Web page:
For those concerned with the legal compliance aspect of mask wearing, having readily acceeded to the government’s ability to pass laws on supposed moral grounds, at what point before the government opposes brit milah would they limit its ability in making such judgments? 

This is not remotely comparable with the laws of mask wearing, but is just a few stops along the same track; the common ground is in the government’s ability to legislate on supposed moral standards. 

We should be wearing masks as it is the moral thing to do, not because other people have commanded us to do so.

Joe Gordon, By email

 

Wrong mayor

It was unfortunate that Sadiq Khan was re-elected as London’s mayor in the recent election for City Hall. 

Readers may recall that, back in 2015, Mr Khan was one of the former Labour leader Jeremy Corbyn’s original sponsors to become leader of the party. In the 2017 general election, he even tried to convince British voters that Corbyn should be elected as our prime minister.

Yisroel Davis, NW11

 

True Zionists

A small group of provocateurs centered on Herut UK seem bent on presenting themselves as heroes and Israel’s greatest allies in the country by attending and disrupting various pro-Palestinian actions. This is not the case. If they were the committed Zionists they purport to be, they would have made aliyah and, if young enough, volunteered to serve in the IDF. That would be true courage over shouting at other activists.

Geoffrey Cohen, Hendon

 

Sensible? proportionate?

I’ve been a Zionist for nearly 60 years but am losing my faith. As I understand it, the present troubles stem from the threat of eviction of Palestinian families from their homes in East Jerusalem. This stems not from officialdom but from families of the previous owners of the properties involved. 

The justification is that these homes were lost to their Jewish owners at the time of partition, but now that they are once again in territory controlled by Israel rent should be paid for their continued occupation. No rent has been paid. On the basis of this non-payment, the eviction notice is/was due to come before an Israeli court, but that hearing has been postponed.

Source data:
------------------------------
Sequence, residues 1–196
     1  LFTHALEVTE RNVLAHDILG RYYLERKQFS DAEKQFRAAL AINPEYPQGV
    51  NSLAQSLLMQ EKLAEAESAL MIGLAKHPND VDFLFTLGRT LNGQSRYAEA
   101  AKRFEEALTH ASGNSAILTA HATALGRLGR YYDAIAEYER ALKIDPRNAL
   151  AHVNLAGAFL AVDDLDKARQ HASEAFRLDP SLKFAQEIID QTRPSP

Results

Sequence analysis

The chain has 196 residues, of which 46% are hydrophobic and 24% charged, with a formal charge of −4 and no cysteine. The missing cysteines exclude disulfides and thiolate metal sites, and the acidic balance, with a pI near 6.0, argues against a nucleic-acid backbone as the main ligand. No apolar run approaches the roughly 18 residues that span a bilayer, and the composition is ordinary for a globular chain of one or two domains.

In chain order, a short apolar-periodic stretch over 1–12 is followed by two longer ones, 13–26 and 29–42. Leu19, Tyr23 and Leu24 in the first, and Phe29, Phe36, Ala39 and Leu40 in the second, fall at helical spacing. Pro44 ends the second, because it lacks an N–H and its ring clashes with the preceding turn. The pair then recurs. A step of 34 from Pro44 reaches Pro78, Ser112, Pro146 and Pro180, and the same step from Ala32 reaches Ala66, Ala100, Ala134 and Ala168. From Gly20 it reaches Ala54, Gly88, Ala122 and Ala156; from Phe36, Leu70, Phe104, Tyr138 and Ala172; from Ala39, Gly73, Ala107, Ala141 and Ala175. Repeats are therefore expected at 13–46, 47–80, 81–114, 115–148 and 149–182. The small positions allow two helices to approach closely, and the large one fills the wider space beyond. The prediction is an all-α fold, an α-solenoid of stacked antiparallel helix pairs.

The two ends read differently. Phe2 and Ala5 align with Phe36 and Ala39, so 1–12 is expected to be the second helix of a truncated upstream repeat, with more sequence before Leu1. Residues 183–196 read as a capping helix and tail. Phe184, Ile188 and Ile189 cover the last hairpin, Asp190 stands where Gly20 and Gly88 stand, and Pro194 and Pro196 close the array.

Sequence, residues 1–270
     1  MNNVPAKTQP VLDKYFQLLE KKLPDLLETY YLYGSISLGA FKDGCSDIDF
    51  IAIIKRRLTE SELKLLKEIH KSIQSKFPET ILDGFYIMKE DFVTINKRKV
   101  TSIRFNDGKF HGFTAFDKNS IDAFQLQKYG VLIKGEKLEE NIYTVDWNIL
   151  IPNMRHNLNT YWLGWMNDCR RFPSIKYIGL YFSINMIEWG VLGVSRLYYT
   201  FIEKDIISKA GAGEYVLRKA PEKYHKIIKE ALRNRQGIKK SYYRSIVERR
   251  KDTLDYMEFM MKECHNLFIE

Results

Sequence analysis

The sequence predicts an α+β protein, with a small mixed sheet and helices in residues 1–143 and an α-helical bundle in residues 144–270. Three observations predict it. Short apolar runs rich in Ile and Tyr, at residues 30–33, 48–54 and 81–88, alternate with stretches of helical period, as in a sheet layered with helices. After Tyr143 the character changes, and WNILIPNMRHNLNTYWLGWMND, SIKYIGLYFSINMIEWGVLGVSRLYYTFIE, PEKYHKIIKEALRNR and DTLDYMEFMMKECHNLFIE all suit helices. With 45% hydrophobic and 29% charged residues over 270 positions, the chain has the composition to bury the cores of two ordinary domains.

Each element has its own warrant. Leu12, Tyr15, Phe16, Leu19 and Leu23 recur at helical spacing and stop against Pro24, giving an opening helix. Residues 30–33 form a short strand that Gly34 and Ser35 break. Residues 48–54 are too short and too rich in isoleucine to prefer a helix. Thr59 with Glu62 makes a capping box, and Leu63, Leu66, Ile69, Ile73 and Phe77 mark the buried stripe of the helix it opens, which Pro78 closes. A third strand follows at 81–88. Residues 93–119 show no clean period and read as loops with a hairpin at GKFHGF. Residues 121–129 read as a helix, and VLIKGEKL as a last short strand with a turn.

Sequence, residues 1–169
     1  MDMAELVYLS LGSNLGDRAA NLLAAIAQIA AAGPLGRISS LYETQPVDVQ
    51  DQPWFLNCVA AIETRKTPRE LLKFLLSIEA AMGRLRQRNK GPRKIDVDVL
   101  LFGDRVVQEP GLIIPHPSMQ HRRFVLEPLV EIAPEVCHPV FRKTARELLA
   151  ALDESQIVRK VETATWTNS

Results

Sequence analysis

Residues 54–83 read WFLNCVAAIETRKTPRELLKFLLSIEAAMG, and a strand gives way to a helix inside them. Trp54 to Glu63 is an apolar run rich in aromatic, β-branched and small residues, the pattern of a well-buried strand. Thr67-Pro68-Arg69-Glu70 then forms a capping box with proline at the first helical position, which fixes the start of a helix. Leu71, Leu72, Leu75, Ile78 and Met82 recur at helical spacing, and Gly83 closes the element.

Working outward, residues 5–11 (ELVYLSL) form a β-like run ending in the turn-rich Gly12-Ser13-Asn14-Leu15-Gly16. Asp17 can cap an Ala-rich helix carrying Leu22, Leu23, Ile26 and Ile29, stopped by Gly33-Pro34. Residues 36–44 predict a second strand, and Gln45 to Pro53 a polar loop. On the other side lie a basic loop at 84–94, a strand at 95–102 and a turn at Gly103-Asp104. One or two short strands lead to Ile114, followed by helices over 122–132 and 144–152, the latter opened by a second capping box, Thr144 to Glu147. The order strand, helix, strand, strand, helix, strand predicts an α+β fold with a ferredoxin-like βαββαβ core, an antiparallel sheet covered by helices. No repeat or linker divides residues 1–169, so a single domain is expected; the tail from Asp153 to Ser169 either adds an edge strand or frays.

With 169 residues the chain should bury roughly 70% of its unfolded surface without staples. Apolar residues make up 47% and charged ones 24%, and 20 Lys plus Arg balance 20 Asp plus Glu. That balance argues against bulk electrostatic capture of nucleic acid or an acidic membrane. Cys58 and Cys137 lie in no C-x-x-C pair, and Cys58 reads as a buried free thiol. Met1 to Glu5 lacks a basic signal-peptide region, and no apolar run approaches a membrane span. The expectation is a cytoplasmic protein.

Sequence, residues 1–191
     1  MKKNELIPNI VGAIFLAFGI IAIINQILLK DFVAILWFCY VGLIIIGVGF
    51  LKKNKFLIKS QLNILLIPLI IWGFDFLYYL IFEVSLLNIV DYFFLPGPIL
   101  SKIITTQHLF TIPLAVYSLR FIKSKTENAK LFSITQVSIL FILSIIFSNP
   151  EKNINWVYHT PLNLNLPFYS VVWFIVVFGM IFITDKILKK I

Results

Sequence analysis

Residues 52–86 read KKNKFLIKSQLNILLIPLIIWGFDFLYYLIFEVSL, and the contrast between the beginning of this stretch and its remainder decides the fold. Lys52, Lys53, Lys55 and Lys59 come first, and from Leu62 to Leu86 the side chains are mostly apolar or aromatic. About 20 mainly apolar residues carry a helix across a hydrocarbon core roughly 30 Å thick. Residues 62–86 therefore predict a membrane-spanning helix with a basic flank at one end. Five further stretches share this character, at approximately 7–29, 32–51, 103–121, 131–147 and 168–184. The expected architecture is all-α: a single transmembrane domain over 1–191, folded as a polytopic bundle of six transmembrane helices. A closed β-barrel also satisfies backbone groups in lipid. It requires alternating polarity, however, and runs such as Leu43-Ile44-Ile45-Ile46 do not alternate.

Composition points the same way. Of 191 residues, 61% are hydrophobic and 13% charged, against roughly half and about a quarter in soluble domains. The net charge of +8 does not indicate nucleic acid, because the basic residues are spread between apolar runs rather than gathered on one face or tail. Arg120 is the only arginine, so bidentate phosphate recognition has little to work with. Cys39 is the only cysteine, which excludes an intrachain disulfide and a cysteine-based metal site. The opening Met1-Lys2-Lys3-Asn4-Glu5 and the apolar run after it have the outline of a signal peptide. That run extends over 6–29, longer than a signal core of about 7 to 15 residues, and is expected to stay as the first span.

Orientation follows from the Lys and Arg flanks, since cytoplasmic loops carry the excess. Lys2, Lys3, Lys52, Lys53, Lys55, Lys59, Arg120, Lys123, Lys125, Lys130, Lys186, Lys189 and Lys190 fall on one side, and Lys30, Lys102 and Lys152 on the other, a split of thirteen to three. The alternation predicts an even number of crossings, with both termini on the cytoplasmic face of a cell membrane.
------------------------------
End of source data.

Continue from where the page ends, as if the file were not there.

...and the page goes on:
So far so good, but there is a serious catch: whereas Jewish/Israeli owners may claim back property that passed into Arab hands at the time of partition but is now situated in Israeli controlled/occupied areas, Palestinians may not claim back property previously held by their families but which is now occupied by Jewish Israelis. That’s how I understand the situation. 

So I’m struggling here. I understand why Palestinians cannot claim back their land. During the latter half of the 20th century, some 800,000 Jews lost their homes and their livelihoods in Muslim lands. There was, in effect, a population exchange. This for me has always been the justification for the continued existence of Israel. Hundreds of thousands of Jews fled to Israel, and hundreds of thousands of Palestinians fled and ended up in refugee camps. 

This cannot be undone, any more than Pakistani lands can be returned to their former Hindu inhabitants or Indian homes be returned to their former Muslim owners. If the justification for the existence of the state of Israel is that there was such a population exchange, entailing the exchange in ownership of property, then it is arguable that such an exchange should be maintained. It seems to me that evicting families is not in the spirit of such a policy.

Even if I’m mistaken in my analysis of the legal background, is Israel’s response proportionate? Or sensible? This is about a handful of families facing eviction and has led to rockets landing in Tel Aviv and massive and tragic slaughter in Gaza. When the first rockets were fired, was it already too late for Israel to offer concessions to the families facing eviction? Was it impossible to offer talks to Hamas? Was it too late for a rethink of the law? I despair. Where are our wise men? Where are we heading?

Marylou Grimberg, By email